Top tips for franchisees who need to secure finance
Itís easy to see why so many wannabe entrepreneurs are drawn to the world of franchising. Itís a relatively safe business model which can be very lucrative for franchisees. For many, choosing to invest in a franchise is the ideal way to become their own boss while enjoying the security of working within an established business.
If you're considering becoming a franchisee, then your first responsibility will be to fund the franchise. You may be lucky enough to have savings which can be used to cover the franchise cost but for the majority of prospective franchisees, applying for finance is the only option.
The good news is that because the banks view a franchise investment as less risky than starting an independent business, it tends to be easier to secure funding. There are many things that you can do to improve your chances of getting finance agreed so here are our top tips to make sure you get the cash you need to get started.
Tip 1: Weigh up all your options
Even if you donít have adequate savings to cover the franchise fee and set up costs, there may be other options than applying for a bank loan. Before you sign of the dotted line, it's worth considering if finance is the right move for you.
It may be that you donít even need a loan at all. There are many low-cost franchise opportunities available to invest in starting from as little as £1,000. As long as you can cover your living expenses through the support of your spouse or family member, then you may be able to become a business owner without lending any money at all.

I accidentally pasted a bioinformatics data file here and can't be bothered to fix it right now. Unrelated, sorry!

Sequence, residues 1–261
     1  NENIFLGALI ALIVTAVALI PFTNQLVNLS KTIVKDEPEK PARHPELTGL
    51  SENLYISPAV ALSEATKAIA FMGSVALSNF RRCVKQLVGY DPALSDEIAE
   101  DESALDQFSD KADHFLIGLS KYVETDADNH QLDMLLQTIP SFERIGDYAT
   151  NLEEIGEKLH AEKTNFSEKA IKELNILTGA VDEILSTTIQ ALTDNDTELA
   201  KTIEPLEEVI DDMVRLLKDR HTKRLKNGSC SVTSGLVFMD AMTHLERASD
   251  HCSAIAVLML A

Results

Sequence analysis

If you do need to rely on funding to cover the franchise cost, then you could look to your franchisor for help rather than your local bank. Increasingly franchises are offering financing for their franchisees to cover the franchise fee or equipment to help get their businesses off the ground. Generally, franchises donít provide the option to finance the total franchise investment but tend to vary anywhere between 15% and 75% of the amount required.
But if your chosen franchisor doesnít provide franchise options, probably the easiest and most reliable route is to contact the franchising department of a high street bank. Banks can fund up to 70% of the total set-up costs (however, this tends to be more like 50% for new franchises). You'll need to fund the remaining costs, so itís worth considering how youíll do this before meeting with the bank.
Tip 2: Be prepared
When youíve decided on how youíre going to finance your franchise business, itís time to create a business plan. This is an essential document that will help your lender to understand your financial position, your plans and how you're going to achieve your goals. Youíll need to develop a business plan even if you donít need finance.
Your business plan should include financial forecasts, your background and your experience. Youíll also need to provide information about where your premises are likely to be, or if your business will be home-based. Your business plan should contain a competitor analysis with details about how you're going to differentiate your franchise from other similar companies in your area.